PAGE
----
The Visitor

“This isn’t the post I originally intended to write today. What was supposta happen yesterday is that I was planning on going to an advance screening of The Signal at the Brattle, and then I’d write that up today. I actually got a bit ahead and started advance posting a few things to cover me while I’m in NYC this weekend. But then the cold I’d been fighting off this week just really hit me hard. I decided it was better to stay in and rest up so I could hopefully be better by weekend, instead of trying to push myself too hard.

I left work a little early, got home and warmed up some soup, put on a new movie from my DVD queue, and laid down on the couch under a couple blankets and a cat. The movie I grabbed was The Visitor. What I did not expect was how much I fell in love with the movie. Normally I wouldn’t just blog a new DVD watch, but this film was so beautiful.

I first heard about this little movie when the 2009 Academy Award nominees were announced. Richard Jenkins was up for best actor, as a complete surprise to pretty much everyone. I think that last slot was expected to go to Leo for Revolutionary Road, but instead a lesser known actor in a small film edged him out. Curiosity peaked, but it would still be a while until I sought it out. Jenkins has shown up in a variety of movies since, and every time I see him, his nomination has been in the back of my mind. Seeing him in Cabin in the Woods was what really endeared him to me (as is the case with just about anyone who’s in a Joss Whedon movie) so it became more of a priority. Then Best Buy had a sale last week.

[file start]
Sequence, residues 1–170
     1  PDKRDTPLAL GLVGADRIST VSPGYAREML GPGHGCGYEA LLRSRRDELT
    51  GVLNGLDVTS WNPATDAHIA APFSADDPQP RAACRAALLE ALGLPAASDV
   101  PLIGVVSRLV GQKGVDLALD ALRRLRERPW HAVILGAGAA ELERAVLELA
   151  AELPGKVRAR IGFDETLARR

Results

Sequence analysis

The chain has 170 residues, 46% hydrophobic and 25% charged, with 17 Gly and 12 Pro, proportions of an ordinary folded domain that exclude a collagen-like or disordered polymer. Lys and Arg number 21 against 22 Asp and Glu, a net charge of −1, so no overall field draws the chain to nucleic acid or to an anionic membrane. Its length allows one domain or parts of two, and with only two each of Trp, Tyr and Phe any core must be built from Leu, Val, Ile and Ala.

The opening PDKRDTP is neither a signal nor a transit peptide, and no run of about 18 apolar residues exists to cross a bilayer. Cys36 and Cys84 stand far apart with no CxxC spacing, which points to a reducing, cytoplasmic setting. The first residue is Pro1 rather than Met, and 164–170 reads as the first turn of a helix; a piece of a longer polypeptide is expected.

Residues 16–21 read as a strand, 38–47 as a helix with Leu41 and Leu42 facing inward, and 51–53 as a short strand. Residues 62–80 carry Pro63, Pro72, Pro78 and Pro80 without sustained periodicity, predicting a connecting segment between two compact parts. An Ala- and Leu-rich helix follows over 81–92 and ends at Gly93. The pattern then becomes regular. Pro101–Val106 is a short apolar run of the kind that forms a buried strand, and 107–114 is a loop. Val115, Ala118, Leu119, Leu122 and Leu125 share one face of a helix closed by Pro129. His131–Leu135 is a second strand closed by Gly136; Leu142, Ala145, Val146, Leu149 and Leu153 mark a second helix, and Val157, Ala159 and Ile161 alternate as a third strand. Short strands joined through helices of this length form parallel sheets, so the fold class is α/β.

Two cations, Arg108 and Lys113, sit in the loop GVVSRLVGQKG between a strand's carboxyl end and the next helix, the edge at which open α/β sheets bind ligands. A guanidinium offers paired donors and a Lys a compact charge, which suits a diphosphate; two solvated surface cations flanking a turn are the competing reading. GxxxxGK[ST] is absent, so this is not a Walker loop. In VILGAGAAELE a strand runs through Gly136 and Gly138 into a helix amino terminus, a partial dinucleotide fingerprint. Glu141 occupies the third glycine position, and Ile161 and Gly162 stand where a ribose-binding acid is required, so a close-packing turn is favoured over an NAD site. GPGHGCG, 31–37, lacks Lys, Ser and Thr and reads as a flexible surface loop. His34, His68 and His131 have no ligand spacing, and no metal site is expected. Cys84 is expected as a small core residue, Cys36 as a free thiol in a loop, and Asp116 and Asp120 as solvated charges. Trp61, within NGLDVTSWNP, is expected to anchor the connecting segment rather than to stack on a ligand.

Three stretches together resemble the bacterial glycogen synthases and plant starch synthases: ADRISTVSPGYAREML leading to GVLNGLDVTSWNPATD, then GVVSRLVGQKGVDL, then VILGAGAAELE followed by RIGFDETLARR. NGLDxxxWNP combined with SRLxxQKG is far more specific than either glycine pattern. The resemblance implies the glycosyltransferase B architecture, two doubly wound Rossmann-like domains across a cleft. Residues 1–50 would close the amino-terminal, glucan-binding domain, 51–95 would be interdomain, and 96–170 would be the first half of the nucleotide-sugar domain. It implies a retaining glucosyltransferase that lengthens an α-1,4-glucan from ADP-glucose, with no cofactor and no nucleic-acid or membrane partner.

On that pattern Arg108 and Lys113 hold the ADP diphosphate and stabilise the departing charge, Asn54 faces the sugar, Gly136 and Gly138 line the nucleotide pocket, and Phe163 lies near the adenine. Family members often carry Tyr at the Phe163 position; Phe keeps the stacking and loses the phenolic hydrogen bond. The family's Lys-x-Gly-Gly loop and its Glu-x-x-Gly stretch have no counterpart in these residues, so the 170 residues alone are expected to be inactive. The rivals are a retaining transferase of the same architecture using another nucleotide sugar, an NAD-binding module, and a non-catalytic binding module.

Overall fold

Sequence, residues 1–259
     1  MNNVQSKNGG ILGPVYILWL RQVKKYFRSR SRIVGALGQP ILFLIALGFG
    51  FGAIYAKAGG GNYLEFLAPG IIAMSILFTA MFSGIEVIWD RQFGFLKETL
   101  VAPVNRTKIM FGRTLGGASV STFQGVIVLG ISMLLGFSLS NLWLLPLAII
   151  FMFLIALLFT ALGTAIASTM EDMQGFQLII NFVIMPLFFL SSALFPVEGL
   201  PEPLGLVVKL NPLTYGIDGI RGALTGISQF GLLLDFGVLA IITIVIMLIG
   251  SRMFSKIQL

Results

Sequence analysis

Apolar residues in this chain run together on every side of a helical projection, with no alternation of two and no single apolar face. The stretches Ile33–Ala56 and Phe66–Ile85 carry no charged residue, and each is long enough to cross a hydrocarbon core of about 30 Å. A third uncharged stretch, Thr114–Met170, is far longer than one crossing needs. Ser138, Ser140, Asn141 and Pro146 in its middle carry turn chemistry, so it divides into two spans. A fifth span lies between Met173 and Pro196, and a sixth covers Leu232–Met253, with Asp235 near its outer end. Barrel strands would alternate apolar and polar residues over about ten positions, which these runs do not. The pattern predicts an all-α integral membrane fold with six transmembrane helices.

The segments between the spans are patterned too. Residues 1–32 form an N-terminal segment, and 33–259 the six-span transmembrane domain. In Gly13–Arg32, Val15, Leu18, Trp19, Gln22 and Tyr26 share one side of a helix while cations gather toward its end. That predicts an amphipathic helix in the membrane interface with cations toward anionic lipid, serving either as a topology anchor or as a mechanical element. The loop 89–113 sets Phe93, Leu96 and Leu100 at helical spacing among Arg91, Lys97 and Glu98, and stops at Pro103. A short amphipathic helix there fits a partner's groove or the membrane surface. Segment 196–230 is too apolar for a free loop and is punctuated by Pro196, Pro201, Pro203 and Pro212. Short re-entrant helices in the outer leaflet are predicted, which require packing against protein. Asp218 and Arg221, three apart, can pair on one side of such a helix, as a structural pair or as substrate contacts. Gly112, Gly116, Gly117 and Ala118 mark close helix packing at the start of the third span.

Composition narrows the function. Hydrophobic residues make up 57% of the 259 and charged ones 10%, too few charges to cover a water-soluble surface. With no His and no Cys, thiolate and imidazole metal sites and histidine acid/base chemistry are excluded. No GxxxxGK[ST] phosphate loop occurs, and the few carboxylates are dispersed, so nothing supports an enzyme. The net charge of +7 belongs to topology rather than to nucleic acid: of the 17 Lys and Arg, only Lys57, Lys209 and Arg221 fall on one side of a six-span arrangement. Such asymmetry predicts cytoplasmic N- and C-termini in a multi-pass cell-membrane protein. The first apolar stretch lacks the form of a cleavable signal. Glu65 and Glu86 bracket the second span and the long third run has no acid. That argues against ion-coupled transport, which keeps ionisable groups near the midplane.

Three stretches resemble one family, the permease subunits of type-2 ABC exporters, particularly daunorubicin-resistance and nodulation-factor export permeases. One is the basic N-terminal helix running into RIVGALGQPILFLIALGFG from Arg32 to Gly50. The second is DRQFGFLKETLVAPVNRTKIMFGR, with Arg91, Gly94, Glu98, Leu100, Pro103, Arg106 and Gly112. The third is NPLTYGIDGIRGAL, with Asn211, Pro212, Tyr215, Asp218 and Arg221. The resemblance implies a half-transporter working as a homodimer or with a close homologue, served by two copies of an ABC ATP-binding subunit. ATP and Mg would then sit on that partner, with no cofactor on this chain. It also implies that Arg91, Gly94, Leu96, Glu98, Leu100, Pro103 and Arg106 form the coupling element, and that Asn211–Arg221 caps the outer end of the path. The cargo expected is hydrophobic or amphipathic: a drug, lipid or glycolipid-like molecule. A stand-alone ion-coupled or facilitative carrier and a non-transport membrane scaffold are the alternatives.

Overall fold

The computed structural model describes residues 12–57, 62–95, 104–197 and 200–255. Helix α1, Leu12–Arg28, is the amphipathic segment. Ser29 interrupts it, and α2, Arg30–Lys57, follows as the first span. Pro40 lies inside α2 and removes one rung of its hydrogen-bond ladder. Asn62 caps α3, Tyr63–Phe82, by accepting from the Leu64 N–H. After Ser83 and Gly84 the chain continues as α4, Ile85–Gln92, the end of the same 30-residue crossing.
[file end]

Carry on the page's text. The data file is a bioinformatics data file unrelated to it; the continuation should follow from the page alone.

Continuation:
The film centers around Jenkins’ Walter, a widower and professor who lives in CT and is mostly dissatisfied with life. Work sends him to NYC for a few days, where he keeps an apartment he hasn’t seen in months. He walks in to find a young immigrant couple living there, the unknowing victims of a scam. He allows them to stay and quickly forms a friendship with them, particularly with Tarek, the full of life young man from Syria. Tarek teaches Walter to play drums, giving him some of the first experiences of joy he’s had in a while. A misunderstanding in the subway leads to Tarek’s arrest, and he’s soon sent to an immigration detention center. Walter works hard to try and get his friend released. He also becomes quite close with Tarek’s mother, Mouna, who has traveled to New York to be near her incarcerated son.

If you’d just told me the prmise, I’d have prolly rolled my eyes and thought it sounded dull. But that description doesn’t really capture the heart of the film, which is in the characters. I do still think Jenkins’ nomination was a surprise, but seeing this now it’s a well deserved one. He could have so easily succumbed to the malaise of his character and dragged down the film, but instead he made Walter a character you cared for. One whose emotions you felt along with him. Haaz Sleiman, Danai Gurira, and Hiam Abbass turned in equally strong supporting performances.

This was one of those rare films where I feel like a better person for having seen it. It’s such a gem of a movie, and I’m thankful for the little bit of awards notice it received.”

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